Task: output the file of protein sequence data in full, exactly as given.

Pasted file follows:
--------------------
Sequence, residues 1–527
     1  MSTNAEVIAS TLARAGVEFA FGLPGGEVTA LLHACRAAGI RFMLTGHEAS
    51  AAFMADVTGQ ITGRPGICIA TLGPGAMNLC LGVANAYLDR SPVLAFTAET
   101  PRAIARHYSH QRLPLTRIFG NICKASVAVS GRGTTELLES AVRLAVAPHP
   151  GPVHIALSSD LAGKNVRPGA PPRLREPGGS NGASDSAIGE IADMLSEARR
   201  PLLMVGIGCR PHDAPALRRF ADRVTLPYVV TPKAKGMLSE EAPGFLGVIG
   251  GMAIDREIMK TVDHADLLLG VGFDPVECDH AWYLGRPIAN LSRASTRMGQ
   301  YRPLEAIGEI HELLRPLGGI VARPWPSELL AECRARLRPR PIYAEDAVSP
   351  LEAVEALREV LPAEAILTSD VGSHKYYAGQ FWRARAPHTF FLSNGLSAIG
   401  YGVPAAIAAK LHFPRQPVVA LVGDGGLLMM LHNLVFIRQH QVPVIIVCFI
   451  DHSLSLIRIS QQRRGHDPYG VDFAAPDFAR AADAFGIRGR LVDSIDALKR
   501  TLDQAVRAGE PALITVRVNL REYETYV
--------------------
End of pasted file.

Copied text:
Sequence, residues 1–527
     1  MSTNAEVIAS TLARAGVEFA FGLPGGEVTA LLHACRAAGI RFMLTGHEAS
    51  AAFMADVTGQ ITGRPGICIA TLGPGAMNLC LGVANAYLDR SPVLAFTAET
   101  PRAIARHYSH QRLPLTRIFG NICKASVAVS GRGTTELLES AVRLAVAPHP
   151  GPVHIALSSD LAGKNVRPGA PPRLREPGGS NGASDSAIGE IADMLSEARR
   201  PLLMVGIGCR PHDAPALRRF ADRVTLPYVV TPKAKGMLSE EAPGFLGVIG
   251  GMAIDREIMK TVDHADLLLG VGFDPVECDH AWYLGRPIAN LSRASTRMGQ
   301  YRPLEAIGEI HELLRPLGGI VARPWPSELL AECRARLRPR PIYAEDAVSP
   351  LEAVEALREV LPAEAILTSD VGSHKYYAGQ FWRARAPHTF FLSNGLSAIG
   401  YGVPAAIAAK LHFPRQPVVA LVGDGGLLMM LHNLVFIRQH QVPVIIVCFI
   451  DHSLSLIRIS QQRRGHDPYG VDFAAPDFAR AADAFGIRGR LVDSIDALKR
   501  TLDQAVRAGE PALITVRVNL REYETYV